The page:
- Use Rapportive to automate the process of guessing a person's email. Paste some possible email addresses into a new email message, and Rapportive will scour the internet to find social media info connected to those addresses.
2. Make a connection & be personableIn my experience, being personable or making a connection is the strategy that will make or break your chances of getting a guest spot. Editors want to know that you're familiar with their site, but also that you're a real (and likeable) person. Your pitch should open with an introductory paragraph that makes a connection between you and them. For instance:
"I've been a subscriber to your blog for a couple of years now, and have found your posts extremely helpful. Your article, 10 Steps to Finding Funding For Your Startup, was invaluable when I took the plunge and started my own business last year..."
This simple step will differentiate your pitch from most others as you've helped establish a connection. I recently received this response to a pitch I sent that utilized this strategy:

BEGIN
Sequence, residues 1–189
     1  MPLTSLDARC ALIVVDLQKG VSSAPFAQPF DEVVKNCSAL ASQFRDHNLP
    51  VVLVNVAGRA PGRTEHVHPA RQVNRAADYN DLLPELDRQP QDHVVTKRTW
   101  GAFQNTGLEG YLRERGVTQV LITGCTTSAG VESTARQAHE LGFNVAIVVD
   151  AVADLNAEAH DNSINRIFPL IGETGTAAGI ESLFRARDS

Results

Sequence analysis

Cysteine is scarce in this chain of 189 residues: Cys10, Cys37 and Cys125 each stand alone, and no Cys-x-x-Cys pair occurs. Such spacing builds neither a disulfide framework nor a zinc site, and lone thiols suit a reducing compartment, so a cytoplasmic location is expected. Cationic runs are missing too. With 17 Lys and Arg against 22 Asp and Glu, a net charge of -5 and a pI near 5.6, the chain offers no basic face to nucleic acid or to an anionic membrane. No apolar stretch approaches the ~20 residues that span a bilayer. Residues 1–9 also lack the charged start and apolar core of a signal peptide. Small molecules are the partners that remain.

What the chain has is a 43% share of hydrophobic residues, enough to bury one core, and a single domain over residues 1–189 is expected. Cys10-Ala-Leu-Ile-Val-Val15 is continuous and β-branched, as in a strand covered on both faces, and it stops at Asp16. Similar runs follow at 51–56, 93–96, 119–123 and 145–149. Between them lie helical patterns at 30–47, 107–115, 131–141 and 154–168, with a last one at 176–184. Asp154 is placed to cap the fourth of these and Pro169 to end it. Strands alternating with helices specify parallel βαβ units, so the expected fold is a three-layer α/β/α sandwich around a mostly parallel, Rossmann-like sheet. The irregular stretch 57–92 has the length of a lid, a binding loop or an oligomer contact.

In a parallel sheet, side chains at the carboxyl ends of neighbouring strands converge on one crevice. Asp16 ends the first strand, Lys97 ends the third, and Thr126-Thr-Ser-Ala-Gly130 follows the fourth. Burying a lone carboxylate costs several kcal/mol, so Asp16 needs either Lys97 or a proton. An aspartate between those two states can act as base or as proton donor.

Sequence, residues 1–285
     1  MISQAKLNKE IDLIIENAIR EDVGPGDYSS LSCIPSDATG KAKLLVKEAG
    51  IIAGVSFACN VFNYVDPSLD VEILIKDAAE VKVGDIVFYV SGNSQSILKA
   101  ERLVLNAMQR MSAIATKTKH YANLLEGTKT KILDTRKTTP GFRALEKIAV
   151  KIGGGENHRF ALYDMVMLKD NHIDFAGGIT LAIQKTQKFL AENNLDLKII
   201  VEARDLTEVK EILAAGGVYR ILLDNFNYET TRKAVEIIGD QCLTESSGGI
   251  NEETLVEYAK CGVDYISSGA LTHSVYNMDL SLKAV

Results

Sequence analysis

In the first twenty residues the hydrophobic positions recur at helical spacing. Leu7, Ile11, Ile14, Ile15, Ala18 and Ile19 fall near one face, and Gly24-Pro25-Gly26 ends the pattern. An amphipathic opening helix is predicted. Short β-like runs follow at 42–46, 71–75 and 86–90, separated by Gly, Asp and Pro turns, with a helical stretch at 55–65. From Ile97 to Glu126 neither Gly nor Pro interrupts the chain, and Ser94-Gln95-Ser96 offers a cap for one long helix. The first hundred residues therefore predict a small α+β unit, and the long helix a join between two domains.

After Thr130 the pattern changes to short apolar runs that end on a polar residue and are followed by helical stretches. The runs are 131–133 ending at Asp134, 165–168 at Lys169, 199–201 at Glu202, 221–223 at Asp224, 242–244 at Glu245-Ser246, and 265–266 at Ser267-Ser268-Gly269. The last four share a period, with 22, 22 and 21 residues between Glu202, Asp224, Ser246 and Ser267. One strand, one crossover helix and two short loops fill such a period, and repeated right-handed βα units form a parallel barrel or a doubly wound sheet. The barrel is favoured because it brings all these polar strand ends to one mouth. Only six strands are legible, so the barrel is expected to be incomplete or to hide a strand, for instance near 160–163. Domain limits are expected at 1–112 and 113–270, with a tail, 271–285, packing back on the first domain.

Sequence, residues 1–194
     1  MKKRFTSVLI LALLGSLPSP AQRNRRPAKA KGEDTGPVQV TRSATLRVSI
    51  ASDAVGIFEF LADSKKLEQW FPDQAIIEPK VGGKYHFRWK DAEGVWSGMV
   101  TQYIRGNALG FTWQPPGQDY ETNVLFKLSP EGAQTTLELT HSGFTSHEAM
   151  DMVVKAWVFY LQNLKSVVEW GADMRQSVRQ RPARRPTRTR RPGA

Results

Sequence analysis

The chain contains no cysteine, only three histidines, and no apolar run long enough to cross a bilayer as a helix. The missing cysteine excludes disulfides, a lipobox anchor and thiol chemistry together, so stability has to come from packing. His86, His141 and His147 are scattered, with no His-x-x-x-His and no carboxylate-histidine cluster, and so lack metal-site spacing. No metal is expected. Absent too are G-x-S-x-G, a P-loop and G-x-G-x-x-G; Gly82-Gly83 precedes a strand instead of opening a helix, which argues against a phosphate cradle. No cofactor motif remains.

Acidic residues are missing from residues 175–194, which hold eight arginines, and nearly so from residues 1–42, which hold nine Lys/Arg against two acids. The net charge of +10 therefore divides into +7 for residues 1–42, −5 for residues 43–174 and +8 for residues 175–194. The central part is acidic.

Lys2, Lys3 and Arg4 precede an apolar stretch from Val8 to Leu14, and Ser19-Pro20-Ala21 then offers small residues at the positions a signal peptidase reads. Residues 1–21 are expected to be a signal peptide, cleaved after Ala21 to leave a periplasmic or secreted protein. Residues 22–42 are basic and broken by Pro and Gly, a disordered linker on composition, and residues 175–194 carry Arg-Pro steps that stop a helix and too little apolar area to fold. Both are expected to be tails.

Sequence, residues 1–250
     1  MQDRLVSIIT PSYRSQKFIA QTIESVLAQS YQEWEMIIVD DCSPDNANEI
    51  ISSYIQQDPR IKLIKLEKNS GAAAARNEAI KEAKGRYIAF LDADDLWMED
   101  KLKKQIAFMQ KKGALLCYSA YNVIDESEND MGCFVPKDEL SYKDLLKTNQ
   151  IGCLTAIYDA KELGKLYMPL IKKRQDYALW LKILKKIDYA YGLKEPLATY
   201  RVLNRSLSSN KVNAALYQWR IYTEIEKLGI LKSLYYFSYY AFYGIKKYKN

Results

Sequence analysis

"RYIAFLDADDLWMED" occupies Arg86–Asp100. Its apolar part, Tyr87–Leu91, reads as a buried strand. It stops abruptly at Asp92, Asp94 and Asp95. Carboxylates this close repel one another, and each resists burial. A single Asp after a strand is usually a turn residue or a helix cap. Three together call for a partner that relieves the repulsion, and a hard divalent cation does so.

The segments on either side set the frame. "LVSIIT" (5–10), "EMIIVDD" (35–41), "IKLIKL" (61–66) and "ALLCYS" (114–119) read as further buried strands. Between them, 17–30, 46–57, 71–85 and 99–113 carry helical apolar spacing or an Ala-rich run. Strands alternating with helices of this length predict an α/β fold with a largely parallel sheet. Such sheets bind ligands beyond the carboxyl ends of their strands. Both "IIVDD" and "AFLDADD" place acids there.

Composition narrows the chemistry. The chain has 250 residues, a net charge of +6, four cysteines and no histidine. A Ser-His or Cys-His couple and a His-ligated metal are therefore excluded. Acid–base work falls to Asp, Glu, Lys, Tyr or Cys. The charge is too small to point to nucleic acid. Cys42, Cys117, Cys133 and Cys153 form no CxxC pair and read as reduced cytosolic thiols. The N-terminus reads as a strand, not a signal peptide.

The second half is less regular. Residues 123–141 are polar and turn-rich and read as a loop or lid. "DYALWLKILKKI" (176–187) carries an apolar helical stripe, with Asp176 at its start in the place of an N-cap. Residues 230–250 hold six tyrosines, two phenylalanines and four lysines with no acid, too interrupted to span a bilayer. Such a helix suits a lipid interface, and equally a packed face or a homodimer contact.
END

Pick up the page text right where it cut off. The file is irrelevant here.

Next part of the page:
"What a refreshing change to get an email from a peer instead of the random and creepy people who usually want to guest post on my site..."
Don't be random and creepy. Do your homework. It's not only worth it, it's necessary.
3. Establish credibility and offer social proof
Your guest blog pitch is one of the few places I'd encourage you to brag about your accomplishments. Editors want to know if you've guest posted on other well-known sites, or if you've already established a good-sized audience on your blog or on social media. Metrics like follower count and post shares can go a long way to reducing the risk an editor will feel in taking a chance on you.
4. How would your post bring them value?
Make a connection between what you can offer and how it can help them or their audience. It's not enough to discuss all the ways your guest post will be amazing; you need to make an explicit and pointed connection between the content of your post and its intended audience (e.g., "I've noticed that posts about marketing hacks do very well on your site. I'd like to offer my own observations in a post titled, "7 Social Media Hacks for Boosting Engagement.")
Guest blogging can be an extreme powerful strategy for extending your reach, driving traffic and getting links back to your site. It's a strategy I've come to rely on for my own business, and one I recommend whole-heartedly to clients and colleagues. While this is a very intensive and time consuming process, trust me when I say the potential benefits far outweigh the amount of time and effort you'll need to put into it.
Is guest blogging part of your marketing strategy? What techniques or strategies do you use to find new guest blogging opportunities? Share in the comments below!
How to guest blog anywhere was originally posted on JohnRampton.com